Israel Railways sued for discrimination against women

Israel Railways sued for discrimination against women

Rider claims railroad employee demanded she move to a different car so male passengers could pray in a gender-segregated environment

Passengers at Yitzhak Navon train station in Jerusalem. (Yonatan Sindel/Flash90)
Passengers at Yitzhak Navon train station in Jerusalem. (Yonatan Sindel/Flash90)

In a case reminiscent of the battles over segregated buses of the early 2010s, the legal advocacy arm of the Reform Movement announced on Tuesday that it was suing Israel Railways after an employee allegedly demanded that a female passenger change seats because men were praying nearby.

Together with the Israel Women’s Network, the Israel Religious Action Center launched its suit on behalf of Maya Melitz, who they said was asked by an Israel Railways employee to vacate her seat because men were praying in the same train car.

“Maya didn’t understand why she needed to move and refused, emphasizing that the train is a public place and not an Orthodox synagogue,” the two organizations said in a statement.

“The employee persisted and asked her again to move to a different rail car because ‘it was disruptive that she was present in the rail car during prayer’ but Maya refused.”

Israel Religious Action Center head Anat Hoffman wears a prayer shawl as she prays alongside other members of Women of the Wall at the Western Wall, in Jerusalem on July 08, 2013. (Miriam Alster/Flash90)

Orthodox commuters on Israel Railways trains frequently hold Jewish prayer services, complete with a mini-Torah scroll.

Claiming that Israel Railways ignored their inquiries regarding compensation, the two groups then sued for NIS 66,969 ($19,584), IWN and IRAC said, describing the employee’s request as a violation of the Prohibition Against Discrimination Act.

“At first I was shocked by the request to move from my seat on the train,” Melitz said.

“The shock turned into offense that my presence, just because I am a woman, disrupted others from praying and that the only solution was that I would move. Just a moment before, I was enjoying listening to the prayer itself while minding my own business, and then the railway employee tried to explain to me that my mere existence was harmful to someone else.”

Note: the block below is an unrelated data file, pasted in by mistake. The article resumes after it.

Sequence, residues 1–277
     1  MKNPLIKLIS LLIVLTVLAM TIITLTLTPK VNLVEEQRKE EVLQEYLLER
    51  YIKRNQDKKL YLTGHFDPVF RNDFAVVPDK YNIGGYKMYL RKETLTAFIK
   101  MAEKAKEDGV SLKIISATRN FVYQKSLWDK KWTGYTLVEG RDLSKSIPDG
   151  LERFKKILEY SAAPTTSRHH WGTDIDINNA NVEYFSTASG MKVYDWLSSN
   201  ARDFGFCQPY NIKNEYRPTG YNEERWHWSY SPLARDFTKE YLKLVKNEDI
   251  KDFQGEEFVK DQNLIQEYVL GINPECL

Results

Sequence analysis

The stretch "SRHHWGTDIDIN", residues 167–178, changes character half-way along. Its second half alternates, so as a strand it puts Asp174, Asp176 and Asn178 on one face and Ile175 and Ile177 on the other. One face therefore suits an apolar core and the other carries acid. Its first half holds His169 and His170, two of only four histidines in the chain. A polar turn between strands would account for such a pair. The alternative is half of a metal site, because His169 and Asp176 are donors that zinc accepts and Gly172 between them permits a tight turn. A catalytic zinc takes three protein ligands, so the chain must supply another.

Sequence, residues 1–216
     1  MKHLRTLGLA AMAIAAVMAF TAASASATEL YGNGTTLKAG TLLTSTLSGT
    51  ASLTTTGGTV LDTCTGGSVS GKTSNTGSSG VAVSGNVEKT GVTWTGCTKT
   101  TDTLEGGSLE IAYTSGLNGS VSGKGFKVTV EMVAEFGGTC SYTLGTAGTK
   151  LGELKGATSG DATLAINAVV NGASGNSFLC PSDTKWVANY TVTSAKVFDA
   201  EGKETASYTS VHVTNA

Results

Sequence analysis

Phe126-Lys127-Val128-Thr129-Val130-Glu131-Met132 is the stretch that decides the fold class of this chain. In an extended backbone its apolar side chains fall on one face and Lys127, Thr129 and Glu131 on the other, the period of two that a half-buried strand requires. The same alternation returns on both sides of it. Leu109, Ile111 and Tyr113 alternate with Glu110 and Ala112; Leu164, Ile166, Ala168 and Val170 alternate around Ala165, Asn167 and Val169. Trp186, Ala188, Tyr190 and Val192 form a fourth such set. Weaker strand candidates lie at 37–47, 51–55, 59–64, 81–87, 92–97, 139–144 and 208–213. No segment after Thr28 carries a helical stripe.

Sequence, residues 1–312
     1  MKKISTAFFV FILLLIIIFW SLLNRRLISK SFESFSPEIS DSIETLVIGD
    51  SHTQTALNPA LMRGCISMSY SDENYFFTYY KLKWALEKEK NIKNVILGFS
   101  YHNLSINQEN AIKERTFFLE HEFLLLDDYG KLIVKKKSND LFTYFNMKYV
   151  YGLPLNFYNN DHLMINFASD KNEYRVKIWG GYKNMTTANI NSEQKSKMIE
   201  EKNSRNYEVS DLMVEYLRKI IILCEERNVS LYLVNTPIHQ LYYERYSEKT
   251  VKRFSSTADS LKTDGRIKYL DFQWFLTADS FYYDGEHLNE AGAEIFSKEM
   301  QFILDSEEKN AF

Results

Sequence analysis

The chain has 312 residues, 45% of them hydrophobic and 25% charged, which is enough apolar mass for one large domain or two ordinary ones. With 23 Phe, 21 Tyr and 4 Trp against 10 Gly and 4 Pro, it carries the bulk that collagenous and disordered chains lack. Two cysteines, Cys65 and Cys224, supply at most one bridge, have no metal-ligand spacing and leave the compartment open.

IWN and IRAC stated that because this was not the first such incident, Israel Railways must publish written guidelines informing employees that such behavior is illegal.

“It is unacceptable that a railway employee demand that a woman move to a different rail car because the fact that she is a woman disrupts prayer in that rail car. It is hard to believe that in 2020 women still need to fight for the right to be present in the public domain,” said IRAC executive director Anat Hoffman.

“It is absurd that we need to sue Israel Railways because their employees do not yet understand that the exclusion of women is against the law. For this reason, our lawsuit not only demands compensation for Maya Melitz, but also that Israel Railways train their employees about their obligation to conduct themselves in the same manner toward all passengers and to not discriminate against or exclude women.”

Hoffman is also director of Women of the Wall, an activist organization that advocates for the right of women to pray at the Western Wall with Torah scroll and prayer shawls, a custom opposed by the ultra-Orthodox.

In 2011, the Supreme Court ruled that enforced gender segregation on public buses was illegal, leading to several years of heated struggle by ultra-Orthodox extremists to preserve gender segregation on bus lines serving their communities.

In the past the Egged bus company had operated controversial segregated buses known as “Mehadrin buses” on certain intracity routes that pass through ultra-Orthodox neighborhoods.

Orthodox women enter a gender-segregated bus through the back door (photo credit: Uri Lenz/Flash90)
Illustrative photo of ultra-Orthodox women entering a bus through the back door in Mea Shearim, Jerusalem, in 2011 (Uri Lenz/Flash90/File)

Public buses contain notices informing riders that any attempt to force other passengers to move from the seat of their choice is a criminal offense (with the exception of specified spots for the disabled).

Speaking at a political rally last year, a prominent ultra-Orthodox rabbi compared Israel unfavorably to Nazi Germany over the Jewish state’s failure to recognize the importance of separating men and women in public.

Speaking at at the launch of the United Torah Judaism election campaign last March in the well-known Lederman Synagogue in Bnei Brak, Rabbi Aviezer Filtz, a prominent figure in UTJ and head of the religious seminary Yeshivat Toshia in the southern village of Tifrah, delivered a fiery speech on the importance of separate-gender seating on public buses.

“Start to organize, to ride separately,” he urged his listeners, then explained that the principle was so fundamental that even the Nazi concentration camps during the Holocaust obeyed this policy.

“Even the Nazis, may their names be erased, understood that there has to be separate housing for women and men, but here [in Israel] it’s forbidden!”

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